A test switch is provided to test / set the timing of the circuit and you can set time from 0 to 11 seconds to heat the nichrome wire by adjusting the provided 100K potentiometer. The recommended time is 5 seconds after which the relay deactivates.
Note: The fuse of the firecracker must be in contact the nichrome wire properly to start ignition. Make sure the provided safety switch is in open position when you are setting the firecracker’s fuse with nichrome wire, close the switch and move away to safe a distance immediately and use IR remote to ignite.
Firecracker ignition circuit design 2:
This design is an enhanced version of the pervious one, the difference between this and previous one is, the former ignites the cracker with single click and this will ignite only after three clicks and this will prevent accidental ignitions and false triggers. However, this doesn’t mean the previous circuit is a bad design. Now let’s dive into the details.
The first stage is IR receiver which is same as previous one and works in the same way.
The next stage is a debouncing circuit which will output a signal that is one second long to the next circuit stage. The debouncing circuit ignores accidental multiple trigger signal from IR circuit stage after a signal is received. A point worth noting is that the debouncing circuit is also a monostable multivibrator.
The next stage divides the output by three, this stage is what enabling us to press three clicks for ignition.
This stage consists of IC 4017 and three LED lights to indicate the how many clicks away from ignition. The IC 4017 is configured to divide the input signal by three, this is achieved by connecting the 4th output of the IC to reset pin 15.
Initially the LED 1 will glow, when you press a button on IR remote for the first time, the LED 2 will light-up (LED 1 will turn off) and when you press the button again, the LED 3 will light up (LED 2 will turn off) and when you press the remote for the 3rd time the circuit will give a signal to the next stage for ignition.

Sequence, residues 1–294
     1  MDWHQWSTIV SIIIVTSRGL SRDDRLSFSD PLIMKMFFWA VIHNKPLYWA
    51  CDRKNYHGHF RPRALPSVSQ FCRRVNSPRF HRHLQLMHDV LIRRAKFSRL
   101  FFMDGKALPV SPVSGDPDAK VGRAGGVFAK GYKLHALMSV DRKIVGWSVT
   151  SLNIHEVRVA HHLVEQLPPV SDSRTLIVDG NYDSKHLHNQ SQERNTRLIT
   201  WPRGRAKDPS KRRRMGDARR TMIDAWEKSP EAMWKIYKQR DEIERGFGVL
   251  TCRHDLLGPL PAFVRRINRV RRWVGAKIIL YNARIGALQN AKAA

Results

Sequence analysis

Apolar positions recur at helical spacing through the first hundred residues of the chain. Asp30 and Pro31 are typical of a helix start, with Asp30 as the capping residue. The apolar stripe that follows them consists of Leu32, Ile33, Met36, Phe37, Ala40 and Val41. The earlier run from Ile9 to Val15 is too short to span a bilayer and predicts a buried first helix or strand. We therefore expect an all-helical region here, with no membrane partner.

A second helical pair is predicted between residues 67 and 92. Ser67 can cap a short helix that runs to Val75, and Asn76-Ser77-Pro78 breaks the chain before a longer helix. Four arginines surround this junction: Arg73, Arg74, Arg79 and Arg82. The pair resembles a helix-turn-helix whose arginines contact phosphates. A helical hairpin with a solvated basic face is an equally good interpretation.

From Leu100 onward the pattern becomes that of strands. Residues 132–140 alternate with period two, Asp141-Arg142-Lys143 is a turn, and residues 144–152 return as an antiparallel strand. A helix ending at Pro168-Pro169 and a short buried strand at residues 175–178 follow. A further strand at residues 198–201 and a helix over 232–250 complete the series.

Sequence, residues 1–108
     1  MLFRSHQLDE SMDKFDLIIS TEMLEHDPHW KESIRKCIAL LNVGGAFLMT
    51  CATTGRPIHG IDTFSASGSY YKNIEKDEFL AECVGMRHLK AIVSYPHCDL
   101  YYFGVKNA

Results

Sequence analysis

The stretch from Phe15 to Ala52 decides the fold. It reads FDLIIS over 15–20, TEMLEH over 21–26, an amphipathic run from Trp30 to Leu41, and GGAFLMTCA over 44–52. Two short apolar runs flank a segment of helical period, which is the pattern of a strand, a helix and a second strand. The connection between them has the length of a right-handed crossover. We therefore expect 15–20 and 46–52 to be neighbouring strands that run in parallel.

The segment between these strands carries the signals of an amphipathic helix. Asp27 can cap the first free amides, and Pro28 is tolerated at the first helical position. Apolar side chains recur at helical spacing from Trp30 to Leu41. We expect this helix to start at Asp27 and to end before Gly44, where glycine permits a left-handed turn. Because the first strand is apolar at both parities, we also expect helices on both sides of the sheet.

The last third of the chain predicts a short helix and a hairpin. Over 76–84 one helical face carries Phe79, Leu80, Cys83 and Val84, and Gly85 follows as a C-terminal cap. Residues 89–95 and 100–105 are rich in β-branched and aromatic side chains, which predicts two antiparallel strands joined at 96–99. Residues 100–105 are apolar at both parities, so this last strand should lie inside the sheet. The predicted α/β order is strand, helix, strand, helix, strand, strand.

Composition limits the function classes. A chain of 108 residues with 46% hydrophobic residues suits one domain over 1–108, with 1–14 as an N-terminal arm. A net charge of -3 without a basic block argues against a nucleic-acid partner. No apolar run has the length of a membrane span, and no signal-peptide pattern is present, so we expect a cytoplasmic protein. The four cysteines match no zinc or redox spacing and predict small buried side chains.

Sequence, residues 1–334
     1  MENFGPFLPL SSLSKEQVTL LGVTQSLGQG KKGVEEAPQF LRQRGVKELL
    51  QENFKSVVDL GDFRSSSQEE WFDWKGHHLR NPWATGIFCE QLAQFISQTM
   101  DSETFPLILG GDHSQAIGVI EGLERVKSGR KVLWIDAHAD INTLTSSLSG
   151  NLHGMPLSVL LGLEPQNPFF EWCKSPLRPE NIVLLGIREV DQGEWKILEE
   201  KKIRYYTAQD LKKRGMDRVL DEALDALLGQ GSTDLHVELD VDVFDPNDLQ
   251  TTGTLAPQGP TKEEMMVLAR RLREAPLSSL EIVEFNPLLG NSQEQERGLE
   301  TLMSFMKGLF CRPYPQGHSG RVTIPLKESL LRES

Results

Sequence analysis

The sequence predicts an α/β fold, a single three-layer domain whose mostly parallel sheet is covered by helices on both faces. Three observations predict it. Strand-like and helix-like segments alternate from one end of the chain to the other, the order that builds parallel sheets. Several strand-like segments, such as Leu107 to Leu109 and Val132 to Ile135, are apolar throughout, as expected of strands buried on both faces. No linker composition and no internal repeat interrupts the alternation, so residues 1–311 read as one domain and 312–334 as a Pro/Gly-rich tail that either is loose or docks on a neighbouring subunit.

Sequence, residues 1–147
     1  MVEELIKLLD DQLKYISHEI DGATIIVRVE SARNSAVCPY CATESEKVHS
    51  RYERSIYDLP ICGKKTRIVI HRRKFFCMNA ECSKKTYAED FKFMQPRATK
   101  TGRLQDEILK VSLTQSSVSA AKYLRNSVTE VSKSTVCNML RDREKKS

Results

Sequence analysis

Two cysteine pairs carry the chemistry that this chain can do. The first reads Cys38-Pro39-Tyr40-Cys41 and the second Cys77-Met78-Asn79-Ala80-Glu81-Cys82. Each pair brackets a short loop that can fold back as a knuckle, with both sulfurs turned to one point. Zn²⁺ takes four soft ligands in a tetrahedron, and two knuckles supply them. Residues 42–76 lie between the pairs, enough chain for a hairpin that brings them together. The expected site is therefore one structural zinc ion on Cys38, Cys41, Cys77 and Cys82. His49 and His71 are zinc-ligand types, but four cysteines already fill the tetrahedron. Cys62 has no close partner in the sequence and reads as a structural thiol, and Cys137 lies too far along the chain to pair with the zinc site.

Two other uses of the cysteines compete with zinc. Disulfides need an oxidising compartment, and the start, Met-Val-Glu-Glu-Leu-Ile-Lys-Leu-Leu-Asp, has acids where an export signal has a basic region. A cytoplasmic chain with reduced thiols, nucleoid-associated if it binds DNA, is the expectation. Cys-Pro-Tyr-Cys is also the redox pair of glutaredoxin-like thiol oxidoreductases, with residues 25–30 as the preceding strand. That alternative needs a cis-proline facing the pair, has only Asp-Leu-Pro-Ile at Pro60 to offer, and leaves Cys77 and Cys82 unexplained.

After pressing three clicks on the remote, the output pin number 7 (4th output) turns high momentarily which is fed to the next stage which is a monostable multivibrator circuit.
The output of IC 4017 is fed to the above stage and triggers the relay ON for a set period of time that you have set using the provided potentiometer (0 to 11 seconds).
Firecracker ignition circuit design 3:
The previous two designs are trigger using IR remote, in this design we have incorporated timer to trigger the ignition. Here you can select from 10 to 90 seconds to ignite a firecracker.
The first stage is an astable multivibrator circuit using IC 555 which generates clock signal at the rate of 1 Hz. Adjust the 100K potentiometer to get 1Hz at pin number 3.
The next stage is clock divider circuit which divides the 1Hz clock to 10 to 90 seconds.
NOTE: There are nine outputs and you can choose an output between 10 and 90 seconds and connect the desired output pin next stage of the circuit.
The above stage is a monostable multivibrator circuit which triggers the relay ON for pre-determined period of time, which can be adjusted using the 100K potentiometer.
All the circuit presented in this project are operated using batteries and no AC supply is used.
There are two separate power supplies in all the three proposed circuits, the first one is to heat-up the nichrome wire using 3.7V li-ion cell or three Ni-Cd cells connected in series. The second power supply is for powering the main circuit using 5V.
You can use any type of battery and switching buck/boost converters or voltage regulators to get 5Vas output, the above circuit is just an example.
1) Make sure your circuit and batteries are in a safe distance and protected from sparks and flames using a hard plastic box and make sure that the cracker is at least 1 meter away from the circuit as illustrated above.
2) Make sure to open the safety switch mentioned in the circuit before setting up the cracker’s fuse with the nichrome wire. After closing the safety switch, please move away. This is to prevent any accidental ignition while setting the cracker’s fuse with the nichrome wire.
3) Make sure the relay is in deactivated state before you setup the cracker with nichrome wire. You can know whether the relay is ON or OFF by looking at the status LED that comes built-in with the module.